Tottenham 0 Crystal Palace 1
If only Crystal Palace were as adept at beating Premier League teams in the actual Premier League, their last two months might have been considerably less vexatious. Three times they have faced top-flight opposition in this FA Cup run, and three times they have won without so much as a replay, a feat that has taken them beyond the fifth round for the first time since 1995.
Without a win in nine league games, and against a side that had won seven and lost none of their last eight in all competitions, Martin Kelly’s first-half goal, a bit of good fortune and some resolute defending allowed Palace to end Tottenham’s triple-pronged assault on silverware.
After conceding in stoppage time at the end of the first half Spurs controlled much of the second as Palace sought to frustrate and try their best on the counter, leaving Emmanuel Adebayor alone in attack. But while he will no doubt savour the result this was not to be a dream return to White Hart Lane for the Togolese striker, who made little impact and will be most remembered for the moment in the second half when he tried to keep possession on the left wing, twisted, turned, slipped, fell and let the ball roll harmlessly out of play.
His departure was cheered by both sets of fans, with Palace’s delighted mainly by the identity of his replacement. Yannick Bolasie’s importance to this team has become increasingly obvious in his absence through injury, which has coincided with their Premier League travails, and his return offered some encouragement that the Eagles can end the season in the highly encouraging manner in which it was started. Four minutes after he came on, Bolasie sprinted unmarked into the box as Connor Wickham ran down the left and cut inside, only for the striker to ignore the pass in favour of a shot straight into the nearest defender. Then, two minutes from time, Bolasie’s shot was turned in by Wickham in front of the away fans, only for the referee’s assistant to curtail their celebrations with a raised flag. They would not have long to wait before launching into song once again.
It was a largely unexceptional encounter in which, despite Adebayor’s much-hyped presence, Palace’s most potent attacking threat in the first half was a helpful breeze. Optimistic punts forward were repeatedly turned into dangerous through balls that seemed to gather pace the further they flew, while Tottenham’s clearances stalled and sank without reaching the halfway line. Thus Wayne Hennessey became both goalkeeper and playmaker, with Scott Dann excellently controlling one long ball before rolling a pass into the area but just beyond Joe Ledley, while another sent Adebayor racing towards goal, Michel Vorm just reaching the ball first at the expense of a corner. A third was unintentionally headed over Vorm by Kyle Walker, the goalkeeper just racing back to scramble the ball off the line.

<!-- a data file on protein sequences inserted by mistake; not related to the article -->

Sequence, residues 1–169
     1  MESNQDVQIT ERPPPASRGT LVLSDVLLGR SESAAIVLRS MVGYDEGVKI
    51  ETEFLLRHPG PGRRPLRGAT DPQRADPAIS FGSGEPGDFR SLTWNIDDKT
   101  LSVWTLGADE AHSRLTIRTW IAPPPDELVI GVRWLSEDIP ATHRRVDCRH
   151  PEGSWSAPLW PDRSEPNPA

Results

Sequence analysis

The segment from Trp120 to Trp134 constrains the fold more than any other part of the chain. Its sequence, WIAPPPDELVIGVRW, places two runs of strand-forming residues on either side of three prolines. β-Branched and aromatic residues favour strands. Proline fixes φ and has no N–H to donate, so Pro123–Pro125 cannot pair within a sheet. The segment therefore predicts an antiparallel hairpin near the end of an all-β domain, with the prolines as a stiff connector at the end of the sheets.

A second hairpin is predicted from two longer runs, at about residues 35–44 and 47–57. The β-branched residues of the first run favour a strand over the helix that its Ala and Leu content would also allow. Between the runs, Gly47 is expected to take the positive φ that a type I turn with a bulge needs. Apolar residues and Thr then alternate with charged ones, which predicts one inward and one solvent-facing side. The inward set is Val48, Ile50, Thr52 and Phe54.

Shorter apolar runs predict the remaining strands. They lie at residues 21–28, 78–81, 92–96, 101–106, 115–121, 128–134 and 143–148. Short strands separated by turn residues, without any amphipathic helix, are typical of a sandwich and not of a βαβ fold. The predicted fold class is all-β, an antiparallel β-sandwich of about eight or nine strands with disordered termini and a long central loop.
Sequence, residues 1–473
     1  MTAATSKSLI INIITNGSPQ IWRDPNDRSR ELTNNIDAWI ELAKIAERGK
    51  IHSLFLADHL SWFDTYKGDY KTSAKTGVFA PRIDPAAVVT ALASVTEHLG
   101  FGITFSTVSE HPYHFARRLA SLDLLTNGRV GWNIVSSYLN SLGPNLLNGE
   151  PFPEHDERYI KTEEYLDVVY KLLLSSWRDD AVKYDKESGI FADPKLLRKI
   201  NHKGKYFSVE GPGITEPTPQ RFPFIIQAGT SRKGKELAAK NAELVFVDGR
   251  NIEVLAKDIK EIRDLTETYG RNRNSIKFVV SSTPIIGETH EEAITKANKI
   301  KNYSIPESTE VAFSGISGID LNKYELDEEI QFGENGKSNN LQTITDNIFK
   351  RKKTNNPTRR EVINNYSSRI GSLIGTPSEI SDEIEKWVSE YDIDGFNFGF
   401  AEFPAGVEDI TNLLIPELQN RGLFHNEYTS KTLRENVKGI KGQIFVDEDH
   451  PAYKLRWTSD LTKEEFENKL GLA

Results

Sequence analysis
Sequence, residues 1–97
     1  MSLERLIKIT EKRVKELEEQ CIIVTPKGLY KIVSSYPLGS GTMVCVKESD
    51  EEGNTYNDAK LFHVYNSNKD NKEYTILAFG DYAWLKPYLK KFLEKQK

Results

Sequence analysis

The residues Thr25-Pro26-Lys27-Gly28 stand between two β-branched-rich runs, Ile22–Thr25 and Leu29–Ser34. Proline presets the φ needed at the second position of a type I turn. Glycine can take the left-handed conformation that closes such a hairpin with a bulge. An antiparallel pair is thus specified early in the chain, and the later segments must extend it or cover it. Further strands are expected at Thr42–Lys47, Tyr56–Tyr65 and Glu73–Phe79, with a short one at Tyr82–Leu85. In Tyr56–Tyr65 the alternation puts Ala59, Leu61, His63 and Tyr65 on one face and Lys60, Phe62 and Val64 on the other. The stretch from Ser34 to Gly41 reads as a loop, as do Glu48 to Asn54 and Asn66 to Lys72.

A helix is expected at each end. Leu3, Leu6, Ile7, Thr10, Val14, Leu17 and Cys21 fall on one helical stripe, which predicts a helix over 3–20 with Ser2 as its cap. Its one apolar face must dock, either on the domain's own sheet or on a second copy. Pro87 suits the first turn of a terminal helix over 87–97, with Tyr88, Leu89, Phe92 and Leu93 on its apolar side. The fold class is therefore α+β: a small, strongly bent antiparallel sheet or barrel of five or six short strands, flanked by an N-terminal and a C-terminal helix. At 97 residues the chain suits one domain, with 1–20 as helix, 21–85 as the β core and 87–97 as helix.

The goalkeeper played no part in the winning goal, though two members of the back four had key roles. The first was Joel Ward, who won the ball from Dele Alli with a crunching tackle on the left flank. From there it was worked, via Wilfried Zaha, to Kelly on the right, who benefited from the space afforded him by Danny Rose’s slip, steadied himself and then hammered a shot past Vorm at his near post.
Alli could have had two goals of his own by then, but his diving header from Tottenham’s first corner of the day flew straight at Yohan Cabaye on the line, while his 22nd-minute shot, picking up the loose ball after Son’s fine run into the penalty area had finally been stopped, rolled against one post, across the line and into the other before being cleared by Ward.
But as the second half began Alli turned from likely scorer to aspiring creator, twice feeding Kane for shots that were either saved or deflected away from goal for corners, before siding a fine low cross from the right that was missed by Kane at the near post and by Josh Onomah at the far. Given all that, Alli can hardly be blamed for deciding, when next he got the ball in a promising position, to attempt a 25-yard shot, the ball arrowing just wide of goal.
Spurs continued to press, but the Palace defence grew in authority as the minutes passed, and when Onomah’s 85th-minute cross-shot was booted clear by Dann their hopes of a domestic double soared into the distance along with the ball.